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Twitter attack triggers conspiracy theories, but few seem plausible

Twitter, Facebook, hack, attack, cyber securityThe same week that the Obama Administration lost its acting cyber security czar, cyber attacks torpedoed several of the Web's most popular social-networking sites, in particular Twitter and Facebook. Although the denial-of-service attacks (which overwhelm Web servers with phony requests) were the latest reminder of the difficulties of defending the Web against cyber threats, it appears that these crashed sites were collateral damage in the ongoing conflict between Russia and Georgia. Or were they?

The attacks may have originated from the Abkhazia region, a territory on the Black Sea disputed between Russia and Georgia, Bill Woodcock, research director of the Packet Clearing House, a nonprofit technical organization that tracks Internet traffic, told The New York Times Thursday. Twitter, thought to have taken the brunt of the attack, acknowledged yesterday that its site had gone down and that, even after it went back online, staffers needed to continuously defend against additional attacks.

Along with Twitter yesterday, Facebook, LiveJournal, Google's Blogger and possibly YouTube were thought to have been caught in the crossfire of a high-tech smear campaign against a Georgian blogger who goes by the account name "Cyxymu." (The blogger has accounts with all of the Web sites attacked.) Several news sites and blogs are reporting that the attacks coincided with a large number of spam e-mails claiming to come from Cyxymu's G-mail address and encouraging the recipients to click on links embedded in the messages. The links would take users to Cyxymu's Twitter account or Facebook page, etc. One message, according to security software and services vendor Sophos Plc, read, "Hello. My blog here now! http://www.youtube.com/ Cyxymu."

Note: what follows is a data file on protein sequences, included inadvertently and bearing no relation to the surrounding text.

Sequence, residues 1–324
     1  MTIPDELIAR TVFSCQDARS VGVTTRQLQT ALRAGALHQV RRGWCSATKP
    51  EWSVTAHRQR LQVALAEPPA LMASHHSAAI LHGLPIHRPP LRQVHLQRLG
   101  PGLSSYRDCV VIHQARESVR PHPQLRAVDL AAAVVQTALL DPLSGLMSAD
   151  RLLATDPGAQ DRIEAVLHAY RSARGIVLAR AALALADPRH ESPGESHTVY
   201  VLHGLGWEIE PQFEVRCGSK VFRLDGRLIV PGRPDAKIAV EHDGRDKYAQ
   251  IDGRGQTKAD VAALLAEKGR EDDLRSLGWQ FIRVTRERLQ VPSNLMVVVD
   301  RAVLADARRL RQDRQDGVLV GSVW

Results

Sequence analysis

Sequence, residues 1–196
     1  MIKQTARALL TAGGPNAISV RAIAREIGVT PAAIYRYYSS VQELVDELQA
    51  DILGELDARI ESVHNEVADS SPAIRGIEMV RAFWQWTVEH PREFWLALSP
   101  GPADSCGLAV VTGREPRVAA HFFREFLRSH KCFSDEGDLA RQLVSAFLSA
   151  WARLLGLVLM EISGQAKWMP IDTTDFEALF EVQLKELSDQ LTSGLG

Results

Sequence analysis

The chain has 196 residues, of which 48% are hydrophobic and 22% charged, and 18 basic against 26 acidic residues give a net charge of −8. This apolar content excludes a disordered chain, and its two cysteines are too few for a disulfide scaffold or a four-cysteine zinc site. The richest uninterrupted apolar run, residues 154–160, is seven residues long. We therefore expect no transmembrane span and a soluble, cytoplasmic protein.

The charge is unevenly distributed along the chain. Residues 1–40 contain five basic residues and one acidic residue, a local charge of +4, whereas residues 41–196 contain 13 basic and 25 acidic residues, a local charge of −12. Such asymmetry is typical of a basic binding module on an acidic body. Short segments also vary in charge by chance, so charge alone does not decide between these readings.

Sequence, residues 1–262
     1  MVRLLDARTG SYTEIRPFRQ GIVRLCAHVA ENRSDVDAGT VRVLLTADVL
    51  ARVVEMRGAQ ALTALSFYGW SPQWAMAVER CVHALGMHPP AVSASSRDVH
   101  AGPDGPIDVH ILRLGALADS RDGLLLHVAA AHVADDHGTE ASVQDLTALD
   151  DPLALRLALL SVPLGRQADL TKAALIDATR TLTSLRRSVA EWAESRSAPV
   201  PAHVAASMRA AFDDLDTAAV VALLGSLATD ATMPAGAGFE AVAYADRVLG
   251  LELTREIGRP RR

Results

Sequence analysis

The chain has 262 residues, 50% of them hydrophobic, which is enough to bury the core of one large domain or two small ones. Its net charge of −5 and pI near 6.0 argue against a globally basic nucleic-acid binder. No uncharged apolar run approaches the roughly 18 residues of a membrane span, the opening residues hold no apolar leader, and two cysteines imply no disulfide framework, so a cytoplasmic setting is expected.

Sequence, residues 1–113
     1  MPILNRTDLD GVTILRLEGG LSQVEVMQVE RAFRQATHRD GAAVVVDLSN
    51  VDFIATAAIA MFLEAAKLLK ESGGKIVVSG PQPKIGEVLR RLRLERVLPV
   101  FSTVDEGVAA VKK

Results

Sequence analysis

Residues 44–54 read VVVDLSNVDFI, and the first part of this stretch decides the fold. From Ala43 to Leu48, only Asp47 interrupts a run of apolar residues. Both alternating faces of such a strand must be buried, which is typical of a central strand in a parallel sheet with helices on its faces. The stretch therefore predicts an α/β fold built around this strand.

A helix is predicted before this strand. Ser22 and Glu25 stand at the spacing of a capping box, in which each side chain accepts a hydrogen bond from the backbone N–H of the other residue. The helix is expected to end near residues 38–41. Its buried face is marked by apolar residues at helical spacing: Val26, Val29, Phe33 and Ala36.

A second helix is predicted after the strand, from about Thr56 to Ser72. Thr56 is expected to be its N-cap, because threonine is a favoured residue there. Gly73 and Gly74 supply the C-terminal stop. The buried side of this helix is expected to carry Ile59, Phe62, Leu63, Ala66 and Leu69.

It's unlikely, however, that a spam campaign could have generated enough traffic to these sites to take them down. As Sophos security researcher Graham Cluley noted in one of his blog posts about the event, "Most people wouldn't have bothered clicking on the link." He added, "My guess is that these e-mails aren't really calling from Cyxymu (who, according to his YouTube profile is 34 years old, and tells reporters that his real name is Georgy), but are an attempt by troublemakers to bring his name (and various Web pages) into disrepute."

Cyxymu, himself, apparently confirmed to CNN in an e-mail that he is 34 years old and based in Tbilisi, Georgia, and that his blog posts criticizing Russia for preparing military operations against Georgia may have "irritated" someone enough to incite a cyber attack.

But not everyone is buying all of the conspiracy theories. "There is no real data to prove who is behind it, and if there would be any clue about the origins of this attack, it would be in the access logs on the victim servers—Twitter, Facebook, LiveJournal and others in this case," Stefan Tanase, a senior regional researcher with security provider Kaspersky Lab's Global Research and Analysis Team, blogged today on the company's ThreatPost blog.

Further, Tanase writes, "It's worth noting that 'Cyxymu' didn't even have 100 followers on Twitter when the attacks started—so I am wondering how big his influence really was to even consider him as the root cause of the DDoS attacks."

Image ©iStockphoto.com/ Emrah Turudu

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